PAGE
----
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New software detects piping flaws

Date:
December 20, 2010
Source:
DOE/Savannah River National Laboratory
Summary:
New software may lead to a less expensive and less time consuming method to detect corrosion or other defects in a ship's pipes.

New software developed by the U.S. Department of Energy's Savannah River National Laboratory (SRNL) and Northrop Grumman Shipbuilding (NGSB) may lead to a less expensive and less time consuming method to detect corrosion or other defects in a ship's pipes.

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The copyrighted software, which is used to analyze digitized x-ray images to determine loss of wall thickness in pipes, was developed as the result of a six-month cooperative research and development agreement between SRNL and NGSB. SRNL has granted NGSB a license to commercialize and continue maturing the software for shipboard pipe analysis.

Ships contain vast quantities of piping that is subject to corrosion and other types of failure issues. The current method of inspecting for these issues is to strip insulation from portions of piping, then test the piping to see if there is corrosion or other issues. Because the new approach uses digital x-rays, it does not require the removal of the insulation. When the new software is matured, it will save significant time, resulting in more piping being evaluated in a shorter period of time.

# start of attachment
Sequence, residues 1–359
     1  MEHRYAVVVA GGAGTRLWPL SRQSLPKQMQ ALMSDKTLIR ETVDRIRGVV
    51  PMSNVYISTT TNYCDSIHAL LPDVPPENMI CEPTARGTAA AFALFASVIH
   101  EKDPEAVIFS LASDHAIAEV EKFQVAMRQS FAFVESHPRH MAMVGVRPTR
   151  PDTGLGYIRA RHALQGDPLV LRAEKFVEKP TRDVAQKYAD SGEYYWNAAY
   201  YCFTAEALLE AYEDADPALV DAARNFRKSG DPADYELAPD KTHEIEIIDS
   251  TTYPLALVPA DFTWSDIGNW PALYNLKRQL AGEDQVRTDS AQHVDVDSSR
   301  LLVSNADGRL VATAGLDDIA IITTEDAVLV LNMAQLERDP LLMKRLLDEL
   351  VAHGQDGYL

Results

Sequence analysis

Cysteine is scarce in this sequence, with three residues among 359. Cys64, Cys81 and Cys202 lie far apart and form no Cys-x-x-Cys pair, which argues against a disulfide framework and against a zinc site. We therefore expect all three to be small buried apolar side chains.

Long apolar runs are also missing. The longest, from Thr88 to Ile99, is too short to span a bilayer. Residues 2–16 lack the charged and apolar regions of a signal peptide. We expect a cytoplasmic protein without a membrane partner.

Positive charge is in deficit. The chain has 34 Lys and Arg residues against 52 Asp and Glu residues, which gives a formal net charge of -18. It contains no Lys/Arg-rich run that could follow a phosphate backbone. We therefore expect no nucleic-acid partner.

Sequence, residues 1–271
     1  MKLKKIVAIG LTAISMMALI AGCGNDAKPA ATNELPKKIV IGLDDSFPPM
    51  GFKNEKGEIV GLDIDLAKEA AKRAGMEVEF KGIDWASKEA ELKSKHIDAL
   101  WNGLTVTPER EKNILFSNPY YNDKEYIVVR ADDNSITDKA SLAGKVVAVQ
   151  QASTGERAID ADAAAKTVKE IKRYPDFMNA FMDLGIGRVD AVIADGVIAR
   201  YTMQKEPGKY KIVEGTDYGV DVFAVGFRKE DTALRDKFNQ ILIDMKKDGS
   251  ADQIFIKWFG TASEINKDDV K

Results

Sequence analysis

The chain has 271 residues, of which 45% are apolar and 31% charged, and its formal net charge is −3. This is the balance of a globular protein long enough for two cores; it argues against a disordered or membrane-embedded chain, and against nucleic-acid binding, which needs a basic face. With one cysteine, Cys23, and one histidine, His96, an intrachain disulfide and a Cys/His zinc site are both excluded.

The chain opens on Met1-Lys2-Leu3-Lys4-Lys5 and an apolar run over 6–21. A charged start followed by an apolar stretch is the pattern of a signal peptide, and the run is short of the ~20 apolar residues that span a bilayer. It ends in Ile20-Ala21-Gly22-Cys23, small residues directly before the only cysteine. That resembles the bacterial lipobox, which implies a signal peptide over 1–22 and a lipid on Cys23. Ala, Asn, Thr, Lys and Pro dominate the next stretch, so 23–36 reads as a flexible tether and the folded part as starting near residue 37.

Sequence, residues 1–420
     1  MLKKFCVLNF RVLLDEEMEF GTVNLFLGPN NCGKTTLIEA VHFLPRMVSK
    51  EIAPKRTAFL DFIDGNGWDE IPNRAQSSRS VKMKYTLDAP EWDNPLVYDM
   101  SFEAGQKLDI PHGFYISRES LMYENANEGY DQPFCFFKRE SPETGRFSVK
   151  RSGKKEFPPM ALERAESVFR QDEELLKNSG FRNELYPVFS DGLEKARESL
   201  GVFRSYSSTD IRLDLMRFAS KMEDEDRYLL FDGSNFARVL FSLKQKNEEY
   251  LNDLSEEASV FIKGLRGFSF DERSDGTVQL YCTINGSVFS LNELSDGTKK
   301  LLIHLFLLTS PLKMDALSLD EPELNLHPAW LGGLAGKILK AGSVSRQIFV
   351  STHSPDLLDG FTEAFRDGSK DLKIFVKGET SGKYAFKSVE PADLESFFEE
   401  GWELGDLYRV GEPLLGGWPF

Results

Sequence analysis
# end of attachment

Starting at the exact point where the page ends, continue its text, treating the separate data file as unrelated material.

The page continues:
The new software, which is based on existing Digital X-Ray Pipe Inspector Software, combines a tool for examining a region of interest on the outside wall of a pipe with a tool for examining a region of the interior of the pipe. The software compares the resulting digital x-rays of the interior and its corresponding exterior region to quantitatively assess defects between the pipe walls.

Development of the new software builds on SRNL's expertise in digital imaging and other radiography techniques, which has been applied to develop methods for examining components used in the processing and disposal of radioactive materials. In recent years, this expertise has been extended, with applications for medical research and other fields.


Story Source:

The above story is based on materials provided by DOE/Savannah River National Laboratory. Note: Materials may be edited for content and length.


Cite This Page:

DOE/Savannah River National Laboratory. "New software detects piping flaws." ScienceDaily. ScienceDaily, 20 December 2010. <www.sciencedaily.com/releases/2010/12/101220102737.htm>.
DOE/Savannah River National Laboratory. (2010, December 20). New software detects piping flaws. ScienceDaily. Retrieved April 20, 2015 from www.sciencedaily.com/releases/2010/12/101220102737.htm
DOE/Savannah River National Laboratory. "New software detects piping flaws." ScienceDaily. www.sciencedaily.com/releases/2010/12/101220102737.htm (accessed April 20, 2015).

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